A common comparison, although a stretch in my opinion is former Houston Rocket center Yao Ming, who is compared to Bhullar because of his size (7-6) and the fact that Yao got the NBA into China. But from a basketball standpoint, the two couldn't be further apart in my opinion. Yao was in a professional organization for years before coming to the NBA, where he was also the top pick in the 2002 NBA Draft. But, as could happen with Bhullar, Yao's window in America was nine great, if  not injury filled seasons. You look at Sim, who had foot injuries his redshirt season and last year, and you could not blame him for turning pro sooner rather than later.

Three reasons Sim should stay:

One more year:
That sentiment is common among Aggies fans since the Aggies have a strong group coming back next year. But from Bhullar simply being ready to be drafted, his stock would certainly improve with one more year under his belt. As of Tuesday, DraftExpress did not list Bhullar among its Top 100 prospects. He was listed as the No. 75 sophomore by the website. did not list Bhullar among its Top 100. Bhullar was not listed among its Top 50 sophomores nor the honorable mention. I don't know how much stock to put into these lists, and I'm sure if Bhullar put his name in, he would gain momentum as his name got out there, but other than his size, it seems that Bhullar remains an unknown outside of college hoops junkies.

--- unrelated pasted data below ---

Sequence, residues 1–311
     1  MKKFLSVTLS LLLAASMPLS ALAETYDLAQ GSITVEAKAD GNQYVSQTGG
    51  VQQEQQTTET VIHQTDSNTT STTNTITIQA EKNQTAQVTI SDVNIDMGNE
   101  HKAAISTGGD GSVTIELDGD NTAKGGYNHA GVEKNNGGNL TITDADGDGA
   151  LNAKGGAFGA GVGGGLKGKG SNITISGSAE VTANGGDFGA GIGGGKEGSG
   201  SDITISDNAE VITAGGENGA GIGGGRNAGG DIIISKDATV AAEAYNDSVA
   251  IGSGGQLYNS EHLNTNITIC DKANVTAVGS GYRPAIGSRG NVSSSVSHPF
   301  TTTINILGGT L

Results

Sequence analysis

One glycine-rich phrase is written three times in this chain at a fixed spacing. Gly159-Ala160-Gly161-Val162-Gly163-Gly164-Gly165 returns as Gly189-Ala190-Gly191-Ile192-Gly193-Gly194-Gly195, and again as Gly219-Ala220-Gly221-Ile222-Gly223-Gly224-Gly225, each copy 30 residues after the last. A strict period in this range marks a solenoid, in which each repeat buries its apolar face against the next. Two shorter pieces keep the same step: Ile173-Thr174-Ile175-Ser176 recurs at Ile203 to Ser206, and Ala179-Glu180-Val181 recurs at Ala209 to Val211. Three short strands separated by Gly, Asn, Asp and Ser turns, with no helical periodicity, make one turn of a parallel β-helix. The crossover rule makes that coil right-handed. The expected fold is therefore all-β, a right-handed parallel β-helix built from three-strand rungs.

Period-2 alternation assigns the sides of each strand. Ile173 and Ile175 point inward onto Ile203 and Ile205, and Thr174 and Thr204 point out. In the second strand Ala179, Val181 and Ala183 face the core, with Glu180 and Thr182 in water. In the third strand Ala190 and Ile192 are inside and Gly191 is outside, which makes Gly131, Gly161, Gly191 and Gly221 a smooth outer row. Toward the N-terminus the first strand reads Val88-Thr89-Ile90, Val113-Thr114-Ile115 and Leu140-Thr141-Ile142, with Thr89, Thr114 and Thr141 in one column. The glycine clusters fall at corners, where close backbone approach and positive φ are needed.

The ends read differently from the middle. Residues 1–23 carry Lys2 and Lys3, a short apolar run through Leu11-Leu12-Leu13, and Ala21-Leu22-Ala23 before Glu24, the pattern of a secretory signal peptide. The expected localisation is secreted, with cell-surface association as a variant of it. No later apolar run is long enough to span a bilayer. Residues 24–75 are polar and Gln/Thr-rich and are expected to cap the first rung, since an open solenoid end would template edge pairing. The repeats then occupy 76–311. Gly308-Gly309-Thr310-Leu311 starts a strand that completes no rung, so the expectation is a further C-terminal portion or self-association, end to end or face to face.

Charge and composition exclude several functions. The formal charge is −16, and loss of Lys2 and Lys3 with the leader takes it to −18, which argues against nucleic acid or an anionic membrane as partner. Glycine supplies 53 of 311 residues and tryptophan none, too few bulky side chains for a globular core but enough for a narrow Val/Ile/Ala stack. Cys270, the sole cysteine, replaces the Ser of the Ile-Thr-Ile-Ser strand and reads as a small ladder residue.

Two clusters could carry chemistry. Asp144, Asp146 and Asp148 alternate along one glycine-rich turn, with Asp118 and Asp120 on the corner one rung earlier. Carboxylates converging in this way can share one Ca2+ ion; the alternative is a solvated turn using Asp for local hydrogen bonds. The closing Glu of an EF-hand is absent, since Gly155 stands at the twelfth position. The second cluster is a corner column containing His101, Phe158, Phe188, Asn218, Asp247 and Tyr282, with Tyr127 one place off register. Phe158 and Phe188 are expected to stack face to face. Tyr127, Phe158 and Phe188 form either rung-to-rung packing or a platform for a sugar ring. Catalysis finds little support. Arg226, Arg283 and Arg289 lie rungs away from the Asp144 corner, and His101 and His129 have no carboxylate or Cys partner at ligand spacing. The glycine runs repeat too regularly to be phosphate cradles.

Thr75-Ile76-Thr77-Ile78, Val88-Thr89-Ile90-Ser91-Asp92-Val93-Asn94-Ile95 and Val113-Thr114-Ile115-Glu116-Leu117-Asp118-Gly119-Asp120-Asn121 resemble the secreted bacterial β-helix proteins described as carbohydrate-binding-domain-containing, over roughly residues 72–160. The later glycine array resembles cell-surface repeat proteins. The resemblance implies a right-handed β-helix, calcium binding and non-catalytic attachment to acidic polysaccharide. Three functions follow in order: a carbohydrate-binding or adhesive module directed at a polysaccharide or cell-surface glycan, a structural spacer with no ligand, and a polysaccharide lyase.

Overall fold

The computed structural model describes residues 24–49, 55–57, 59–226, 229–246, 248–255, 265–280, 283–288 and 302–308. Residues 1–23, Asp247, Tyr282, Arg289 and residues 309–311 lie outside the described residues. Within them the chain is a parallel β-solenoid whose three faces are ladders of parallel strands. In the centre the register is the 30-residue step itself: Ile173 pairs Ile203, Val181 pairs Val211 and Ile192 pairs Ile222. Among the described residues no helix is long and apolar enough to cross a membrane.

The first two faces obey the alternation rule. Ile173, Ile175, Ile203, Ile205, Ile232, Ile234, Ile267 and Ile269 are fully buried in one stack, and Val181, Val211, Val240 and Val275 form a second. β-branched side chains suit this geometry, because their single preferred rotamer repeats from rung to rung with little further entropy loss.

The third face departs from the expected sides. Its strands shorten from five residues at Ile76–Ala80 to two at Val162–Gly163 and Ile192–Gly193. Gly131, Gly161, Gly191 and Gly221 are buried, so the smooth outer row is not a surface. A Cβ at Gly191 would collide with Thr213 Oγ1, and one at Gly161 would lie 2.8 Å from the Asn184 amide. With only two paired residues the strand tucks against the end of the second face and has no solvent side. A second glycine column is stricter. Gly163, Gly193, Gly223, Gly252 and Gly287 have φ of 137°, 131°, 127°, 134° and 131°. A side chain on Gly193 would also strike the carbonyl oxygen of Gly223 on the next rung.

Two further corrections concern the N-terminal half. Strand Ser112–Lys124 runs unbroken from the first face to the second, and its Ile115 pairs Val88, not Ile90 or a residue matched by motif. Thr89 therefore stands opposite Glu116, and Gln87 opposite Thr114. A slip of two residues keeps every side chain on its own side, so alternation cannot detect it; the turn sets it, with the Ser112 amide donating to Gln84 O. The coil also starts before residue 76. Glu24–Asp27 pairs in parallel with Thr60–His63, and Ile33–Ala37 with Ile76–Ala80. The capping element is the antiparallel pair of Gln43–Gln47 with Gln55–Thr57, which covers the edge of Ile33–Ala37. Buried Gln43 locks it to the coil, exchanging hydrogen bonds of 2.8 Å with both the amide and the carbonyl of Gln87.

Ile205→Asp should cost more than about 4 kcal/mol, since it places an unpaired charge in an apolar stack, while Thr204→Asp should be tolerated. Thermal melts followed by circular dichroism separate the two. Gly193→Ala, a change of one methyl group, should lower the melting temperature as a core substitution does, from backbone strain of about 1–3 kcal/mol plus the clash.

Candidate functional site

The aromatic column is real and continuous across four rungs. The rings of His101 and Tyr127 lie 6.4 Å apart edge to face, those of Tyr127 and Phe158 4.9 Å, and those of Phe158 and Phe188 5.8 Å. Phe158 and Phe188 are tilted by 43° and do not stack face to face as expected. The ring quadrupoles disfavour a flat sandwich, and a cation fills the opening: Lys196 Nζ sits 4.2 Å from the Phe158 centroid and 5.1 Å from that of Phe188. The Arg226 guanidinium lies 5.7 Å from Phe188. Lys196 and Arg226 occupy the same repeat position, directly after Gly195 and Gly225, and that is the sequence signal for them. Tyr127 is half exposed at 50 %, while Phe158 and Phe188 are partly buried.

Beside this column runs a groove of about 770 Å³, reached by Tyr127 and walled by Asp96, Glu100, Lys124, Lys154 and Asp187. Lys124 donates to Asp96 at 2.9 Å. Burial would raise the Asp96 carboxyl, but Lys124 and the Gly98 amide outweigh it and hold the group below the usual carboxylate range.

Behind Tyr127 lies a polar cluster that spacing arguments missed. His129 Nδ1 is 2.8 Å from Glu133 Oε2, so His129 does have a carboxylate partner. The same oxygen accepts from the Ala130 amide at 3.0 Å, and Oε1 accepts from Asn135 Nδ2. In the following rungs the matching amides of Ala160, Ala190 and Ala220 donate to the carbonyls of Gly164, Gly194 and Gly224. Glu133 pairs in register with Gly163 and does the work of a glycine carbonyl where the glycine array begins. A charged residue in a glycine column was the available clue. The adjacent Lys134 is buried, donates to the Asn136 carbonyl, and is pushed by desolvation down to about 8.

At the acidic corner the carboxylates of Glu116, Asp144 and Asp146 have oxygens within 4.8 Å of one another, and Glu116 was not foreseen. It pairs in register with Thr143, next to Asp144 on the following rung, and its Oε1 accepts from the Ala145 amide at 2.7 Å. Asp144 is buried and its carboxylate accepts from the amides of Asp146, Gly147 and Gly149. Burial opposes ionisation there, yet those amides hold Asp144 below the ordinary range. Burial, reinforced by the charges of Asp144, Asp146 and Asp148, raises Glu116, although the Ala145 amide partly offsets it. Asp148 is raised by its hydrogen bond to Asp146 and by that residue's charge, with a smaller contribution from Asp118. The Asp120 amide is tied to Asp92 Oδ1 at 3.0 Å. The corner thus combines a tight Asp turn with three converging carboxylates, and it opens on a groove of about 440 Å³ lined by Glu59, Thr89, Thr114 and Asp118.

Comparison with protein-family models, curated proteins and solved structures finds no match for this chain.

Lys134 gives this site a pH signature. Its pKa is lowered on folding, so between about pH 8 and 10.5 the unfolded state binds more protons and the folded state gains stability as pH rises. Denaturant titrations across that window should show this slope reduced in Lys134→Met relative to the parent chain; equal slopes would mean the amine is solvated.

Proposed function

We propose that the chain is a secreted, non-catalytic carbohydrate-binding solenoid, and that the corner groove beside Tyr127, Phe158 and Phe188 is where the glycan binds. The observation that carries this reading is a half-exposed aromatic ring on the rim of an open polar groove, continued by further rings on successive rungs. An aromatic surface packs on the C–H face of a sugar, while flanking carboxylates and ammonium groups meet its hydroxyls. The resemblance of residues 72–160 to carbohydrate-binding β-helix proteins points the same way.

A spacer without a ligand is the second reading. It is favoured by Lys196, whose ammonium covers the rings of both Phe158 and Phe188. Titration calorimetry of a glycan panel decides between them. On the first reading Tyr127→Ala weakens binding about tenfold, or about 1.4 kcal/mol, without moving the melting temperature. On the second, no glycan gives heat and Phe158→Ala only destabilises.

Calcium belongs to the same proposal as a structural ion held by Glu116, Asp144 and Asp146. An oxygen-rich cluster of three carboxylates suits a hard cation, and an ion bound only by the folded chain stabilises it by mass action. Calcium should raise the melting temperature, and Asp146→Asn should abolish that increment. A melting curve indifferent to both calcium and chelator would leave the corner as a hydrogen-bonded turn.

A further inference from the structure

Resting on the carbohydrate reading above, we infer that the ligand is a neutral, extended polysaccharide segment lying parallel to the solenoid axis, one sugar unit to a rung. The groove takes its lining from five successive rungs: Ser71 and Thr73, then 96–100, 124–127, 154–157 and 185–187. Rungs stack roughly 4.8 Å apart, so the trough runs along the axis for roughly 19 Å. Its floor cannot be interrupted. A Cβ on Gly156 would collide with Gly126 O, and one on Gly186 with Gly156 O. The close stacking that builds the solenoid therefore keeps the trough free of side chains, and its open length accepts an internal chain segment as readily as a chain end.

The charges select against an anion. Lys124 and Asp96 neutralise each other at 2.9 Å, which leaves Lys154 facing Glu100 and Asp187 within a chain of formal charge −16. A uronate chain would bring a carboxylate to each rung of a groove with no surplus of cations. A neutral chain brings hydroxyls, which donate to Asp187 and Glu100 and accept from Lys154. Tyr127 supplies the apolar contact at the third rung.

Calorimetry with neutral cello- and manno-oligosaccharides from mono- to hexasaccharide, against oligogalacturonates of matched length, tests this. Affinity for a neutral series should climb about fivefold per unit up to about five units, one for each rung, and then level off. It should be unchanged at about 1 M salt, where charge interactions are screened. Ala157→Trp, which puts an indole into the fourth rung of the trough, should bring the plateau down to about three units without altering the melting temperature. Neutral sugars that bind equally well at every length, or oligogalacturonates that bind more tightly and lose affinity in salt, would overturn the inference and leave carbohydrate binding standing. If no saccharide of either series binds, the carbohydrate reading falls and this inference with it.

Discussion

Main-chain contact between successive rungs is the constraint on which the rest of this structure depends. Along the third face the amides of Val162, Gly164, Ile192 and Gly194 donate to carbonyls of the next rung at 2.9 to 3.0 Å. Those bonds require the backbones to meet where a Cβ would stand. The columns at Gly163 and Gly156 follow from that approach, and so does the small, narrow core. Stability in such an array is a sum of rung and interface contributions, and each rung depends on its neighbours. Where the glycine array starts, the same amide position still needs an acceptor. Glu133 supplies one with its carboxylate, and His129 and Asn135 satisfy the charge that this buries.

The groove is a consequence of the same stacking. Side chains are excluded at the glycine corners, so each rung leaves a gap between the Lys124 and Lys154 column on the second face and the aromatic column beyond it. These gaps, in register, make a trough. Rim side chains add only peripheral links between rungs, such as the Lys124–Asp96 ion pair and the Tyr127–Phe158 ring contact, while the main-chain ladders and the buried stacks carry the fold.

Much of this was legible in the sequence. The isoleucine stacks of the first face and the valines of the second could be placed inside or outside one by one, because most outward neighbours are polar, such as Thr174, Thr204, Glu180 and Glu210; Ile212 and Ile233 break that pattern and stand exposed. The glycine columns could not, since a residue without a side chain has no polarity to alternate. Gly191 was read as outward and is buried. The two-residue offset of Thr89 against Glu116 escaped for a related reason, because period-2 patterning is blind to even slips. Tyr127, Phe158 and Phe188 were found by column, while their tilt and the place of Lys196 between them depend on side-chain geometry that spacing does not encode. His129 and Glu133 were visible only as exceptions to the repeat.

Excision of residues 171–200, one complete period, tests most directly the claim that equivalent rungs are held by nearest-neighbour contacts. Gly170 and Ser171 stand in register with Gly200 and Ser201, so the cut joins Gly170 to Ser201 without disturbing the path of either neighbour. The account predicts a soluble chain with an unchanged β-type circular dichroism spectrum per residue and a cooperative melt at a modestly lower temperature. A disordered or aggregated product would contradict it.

Bhullar brothers:
Sim and Tanveer Bhullar have played together at the high school level. I don't think the prospect of playing with his younger brother next season would sway a decision to stay if he were leaning that way. But it would certainly make it easier for their family to follow their careers for 2014.

National profile:
New Mexico State nearly pulled off a first round upset and Bhullar was a big reason why, playing very well on that stage. I think the Aggies could improve their overall seeding next year. Sports Illustrated already did a piece on Sim and Tanveer Bhullar, and the two brothers would certainly put the Aggies in more of a national spotlight next season, perhaps enhancing each brother's profile in the professional ranks.